This past weekend, there was a front page article in The Washington Post (online version here) about the impact Nationals Park has played in the development of (primarily) Near SE since the ballpark opened in 2008. There's some mention of Southwest, although that focus was not on development, but on neighbor reaction to the ballpark (since the nearest residential units in SE are a few blocks away from Nationals Park). From the article:
Despite the new construction east of the ballpark, the area across [South] Capitol Street in Southwest remains home to low-income housing projects where many residents were worried that baseball would price or push them out of the area.One block west of the stadium, in front of the Friendly Food Market corner store on Half Street SW, three dealers at an open-air drug market sell marijuana and crack. With four teenagers stationed along the block as lookouts, dealers exchange plastic bags for cash in swift, well-practiced handshakes.Despite the illegal sales in broad daylight, residents along this Half Street say baseball has been surprisingly good for them. “It made it look presentable around here,” said London Smith, 42, who found work at a stadium concession stand. “I just hope it doesn’t make it more expensive.”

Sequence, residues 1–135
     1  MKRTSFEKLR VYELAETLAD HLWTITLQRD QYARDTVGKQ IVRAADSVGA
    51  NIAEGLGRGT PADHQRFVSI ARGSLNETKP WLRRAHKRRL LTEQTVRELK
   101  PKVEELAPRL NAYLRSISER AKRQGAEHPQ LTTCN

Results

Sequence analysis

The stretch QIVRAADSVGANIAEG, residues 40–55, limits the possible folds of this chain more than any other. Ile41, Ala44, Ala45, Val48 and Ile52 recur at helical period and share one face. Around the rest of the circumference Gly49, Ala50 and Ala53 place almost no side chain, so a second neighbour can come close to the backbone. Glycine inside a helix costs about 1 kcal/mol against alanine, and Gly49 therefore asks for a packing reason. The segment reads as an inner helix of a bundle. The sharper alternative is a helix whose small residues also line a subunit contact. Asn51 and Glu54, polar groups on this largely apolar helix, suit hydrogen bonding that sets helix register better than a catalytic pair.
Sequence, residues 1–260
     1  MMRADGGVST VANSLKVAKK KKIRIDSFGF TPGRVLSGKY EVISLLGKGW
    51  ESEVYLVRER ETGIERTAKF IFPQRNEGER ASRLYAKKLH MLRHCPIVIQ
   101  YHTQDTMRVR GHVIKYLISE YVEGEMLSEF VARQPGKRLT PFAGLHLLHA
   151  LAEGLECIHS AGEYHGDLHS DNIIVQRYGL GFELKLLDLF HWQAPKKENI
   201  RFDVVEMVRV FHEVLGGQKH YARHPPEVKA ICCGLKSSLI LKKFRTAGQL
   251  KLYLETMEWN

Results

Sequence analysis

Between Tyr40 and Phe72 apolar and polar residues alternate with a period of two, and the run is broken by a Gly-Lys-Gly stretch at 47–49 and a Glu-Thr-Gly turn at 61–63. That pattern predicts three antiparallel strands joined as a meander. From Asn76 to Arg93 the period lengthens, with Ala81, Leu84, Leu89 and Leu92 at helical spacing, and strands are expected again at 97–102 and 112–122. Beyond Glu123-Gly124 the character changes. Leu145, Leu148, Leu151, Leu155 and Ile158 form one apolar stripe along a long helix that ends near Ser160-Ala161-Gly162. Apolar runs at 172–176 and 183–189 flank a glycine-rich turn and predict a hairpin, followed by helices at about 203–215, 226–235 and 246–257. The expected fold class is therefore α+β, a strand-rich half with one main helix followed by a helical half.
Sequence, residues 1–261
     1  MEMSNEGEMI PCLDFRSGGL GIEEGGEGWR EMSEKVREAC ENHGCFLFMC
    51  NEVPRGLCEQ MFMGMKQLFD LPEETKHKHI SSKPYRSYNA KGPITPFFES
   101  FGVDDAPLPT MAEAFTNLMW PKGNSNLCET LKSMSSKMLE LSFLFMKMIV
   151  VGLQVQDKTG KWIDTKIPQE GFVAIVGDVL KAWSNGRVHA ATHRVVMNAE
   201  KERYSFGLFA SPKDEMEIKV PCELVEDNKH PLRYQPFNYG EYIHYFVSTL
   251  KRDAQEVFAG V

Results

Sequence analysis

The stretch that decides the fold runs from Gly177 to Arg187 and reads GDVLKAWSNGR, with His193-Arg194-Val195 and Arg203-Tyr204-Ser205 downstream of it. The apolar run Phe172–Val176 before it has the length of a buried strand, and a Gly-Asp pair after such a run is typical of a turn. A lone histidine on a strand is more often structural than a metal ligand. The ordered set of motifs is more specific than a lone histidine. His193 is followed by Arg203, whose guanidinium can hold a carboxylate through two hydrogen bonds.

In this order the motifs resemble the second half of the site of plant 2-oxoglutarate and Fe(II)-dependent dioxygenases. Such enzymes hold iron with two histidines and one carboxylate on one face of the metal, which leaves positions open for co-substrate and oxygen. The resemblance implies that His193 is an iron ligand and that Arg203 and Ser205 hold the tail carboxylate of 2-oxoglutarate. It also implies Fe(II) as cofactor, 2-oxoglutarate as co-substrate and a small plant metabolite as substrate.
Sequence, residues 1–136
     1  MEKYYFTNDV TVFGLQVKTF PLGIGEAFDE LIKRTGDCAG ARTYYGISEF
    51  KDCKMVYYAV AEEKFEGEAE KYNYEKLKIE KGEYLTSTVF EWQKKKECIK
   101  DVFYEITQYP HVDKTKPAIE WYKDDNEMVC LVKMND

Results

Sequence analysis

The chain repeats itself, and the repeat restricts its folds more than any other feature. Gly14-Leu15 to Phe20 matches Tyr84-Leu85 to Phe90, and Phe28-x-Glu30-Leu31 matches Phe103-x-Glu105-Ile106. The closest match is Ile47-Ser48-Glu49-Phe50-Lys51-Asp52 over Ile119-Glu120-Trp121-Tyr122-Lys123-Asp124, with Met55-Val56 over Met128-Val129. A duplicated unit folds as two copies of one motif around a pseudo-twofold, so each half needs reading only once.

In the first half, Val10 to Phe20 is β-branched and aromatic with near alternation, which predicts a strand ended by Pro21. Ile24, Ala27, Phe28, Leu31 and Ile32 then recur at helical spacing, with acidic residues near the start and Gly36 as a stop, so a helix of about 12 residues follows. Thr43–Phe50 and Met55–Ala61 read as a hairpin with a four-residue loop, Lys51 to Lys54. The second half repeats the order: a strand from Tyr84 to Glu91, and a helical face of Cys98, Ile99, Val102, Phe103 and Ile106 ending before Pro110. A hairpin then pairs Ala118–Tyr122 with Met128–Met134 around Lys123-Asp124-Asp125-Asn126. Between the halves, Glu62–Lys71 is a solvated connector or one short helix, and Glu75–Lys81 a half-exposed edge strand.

Lovely. It's a bit more difficult to bulldoze all of the low-income housing projects in Southwest than it was to replace Capper Carrollsburg in Near SE, which was already pretty much gone by the time the stadium opened. For one, funding for HUD's Hope VI program that was used to replace Capper is dried up. The District's version of Hope VI (New Communities Initiative) has been slow to get underway at places such as Barry Farm in SE and Northwest One. Also, there is still some bad blood from the last time wholesale neighborhood demolition took place in Southwest during urban renewal.
While the focus of the article was in Near SE since that is where the stadium is located, there are a few things happening on the west side of South Capitol Street too. For instance, there was no mention in the article about Camden South Capitol, the new apartment building under construction across the street from Nationals Park (although it appears in the photo gallery). In addition, there was no mention of the velodrome coming to Buzzard Point this spring and the new stadium in the works for DC United, which would form a stadium district between Nationals Park and the proposed soccer stadium. Oh well.
Rendering courtesy of WDG Architects